Modi and his army of bhakts have fallen into a fatal trap. Development, growth and the emergence of a large and prosperous middle class will provide the essential underpinnings to promote Indian culture and Hindu philosophy globally, much as a rising China has bankrolled the Chinese Communist Party’s network of Confucius Institutes. Conversely, Hindu–Muslim riots in the nation’s capital are a business risk and a disincentive to foreign investors. Economic stagnation will undercut India’s material capacity for cultural diplomacy, while religious fundamentalism will inflict substantial reputational harm. A return to persistent mass poverty under protectionist barriers and statist economic regulations will regenerate contempt for the ‘Hindu rate of growth’.

The riots were at their worst during US President Donald Trump’s high-profile first visit to India. Trump’s speech in the capacious Motera Stadium in Ahmedabad on 24 February pointedly praised India’s history of democracy, tolerance, diversity and pluralism. Yet later he merely said it was up to India to handle the anti-CAA agitation. But his potential (if increasingly unlikely) Democratic opponent Bernie Sanders has been sharply critical of India’s growing intolerance and illiberalism, as has Pramila Jayapal, the first Indian-American woman elected to the House of Representatives. So has the US Commission on International Religious Freedom.

Muslim countries including Bangladesh, Malaysia, Indonesia, Iran and Turkey, as well as the 57-member Organisation of Islamic Cooperation, have denounced the CAA agenda. India has also attracted criticism from MPs of all parties in the UK Parliament. The UN High Commissioner for Human Rights has requested it be made a friend of the court when the CAA’s constitutionality is adjudicated by India’s Supreme Court.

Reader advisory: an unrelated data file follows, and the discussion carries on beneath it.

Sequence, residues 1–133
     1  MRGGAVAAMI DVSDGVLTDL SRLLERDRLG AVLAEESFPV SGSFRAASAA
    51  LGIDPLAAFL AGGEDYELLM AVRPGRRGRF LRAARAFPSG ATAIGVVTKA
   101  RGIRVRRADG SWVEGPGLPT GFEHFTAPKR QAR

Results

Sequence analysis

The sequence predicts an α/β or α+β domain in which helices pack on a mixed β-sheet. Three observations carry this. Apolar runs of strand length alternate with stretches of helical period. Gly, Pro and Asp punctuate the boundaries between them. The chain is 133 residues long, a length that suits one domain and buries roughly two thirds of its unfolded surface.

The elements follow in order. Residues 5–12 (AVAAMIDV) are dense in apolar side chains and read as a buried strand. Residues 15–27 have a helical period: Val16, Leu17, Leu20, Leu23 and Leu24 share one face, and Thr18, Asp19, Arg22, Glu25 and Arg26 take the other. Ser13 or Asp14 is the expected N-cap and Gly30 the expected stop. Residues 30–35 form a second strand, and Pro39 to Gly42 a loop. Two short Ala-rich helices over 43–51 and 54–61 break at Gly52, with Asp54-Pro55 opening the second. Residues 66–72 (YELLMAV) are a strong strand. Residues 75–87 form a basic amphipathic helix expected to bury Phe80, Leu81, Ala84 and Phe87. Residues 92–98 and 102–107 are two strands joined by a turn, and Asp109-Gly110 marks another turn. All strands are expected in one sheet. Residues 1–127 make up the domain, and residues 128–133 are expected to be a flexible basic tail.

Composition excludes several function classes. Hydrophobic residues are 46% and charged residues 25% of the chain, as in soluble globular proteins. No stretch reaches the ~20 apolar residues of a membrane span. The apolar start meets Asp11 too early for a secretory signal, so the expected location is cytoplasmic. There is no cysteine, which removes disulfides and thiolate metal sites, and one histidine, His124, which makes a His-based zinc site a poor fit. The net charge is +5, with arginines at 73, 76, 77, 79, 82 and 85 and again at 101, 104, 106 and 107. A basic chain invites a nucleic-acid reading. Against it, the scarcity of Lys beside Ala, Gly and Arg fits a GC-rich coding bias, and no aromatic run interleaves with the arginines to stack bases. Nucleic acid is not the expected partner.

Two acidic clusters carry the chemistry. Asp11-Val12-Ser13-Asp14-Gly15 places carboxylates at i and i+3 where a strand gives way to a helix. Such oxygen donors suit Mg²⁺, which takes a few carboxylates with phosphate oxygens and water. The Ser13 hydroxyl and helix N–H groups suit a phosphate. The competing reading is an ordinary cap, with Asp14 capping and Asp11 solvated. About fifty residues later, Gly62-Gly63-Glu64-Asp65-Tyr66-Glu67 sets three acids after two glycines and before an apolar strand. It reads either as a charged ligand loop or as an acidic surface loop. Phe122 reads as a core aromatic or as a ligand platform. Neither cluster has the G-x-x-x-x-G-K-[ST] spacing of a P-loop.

India’s official response, that this is a purely internal matter, won’t wash. With the steady universalisation of human rights norms and international humanitarian law over the past 100 years, and the growth of UN-centred monitoring machinery, the use of state violence either internally against citizens or internationally against other countries is subject to international normative benchmarks. The tiresome mantra of ‘internal matter’ is a self-indicting refrain deployed only by unsavoury regimes.

In 1938 other countries ignored the warning signs that preceded the full horror of the Holocaust. It would be a mistake, for reasons of values and prudential politics, to stay silent on the abhorrent trajectory set for India by the Modi government. The much-touted shared political values of democracy, freedoms, civil liberties and the rule of law are all under threat. Moreover, a stalled economy will mean India is no longer an attractive market and trade partner, and persistent mass poverty will also degrade its military potential as a geopolitical counterweight to China.

The irreversible alienation of disaffected Indian Muslims will destroy India as the geographical firewall against the spread of Islamist extremism eastwards. With 180 million Muslims, India itself could become the epicentre of Islamist extremists who export terrorism and the refugees who flee it to the Asia–Pacific.

Friendly democracies have little to lose in the medium term by criticising growing Hindu violence and much to lose in the long term by staying quiet. This is why they must make concerted representations to Modi to urgently correct his, and India’s, course.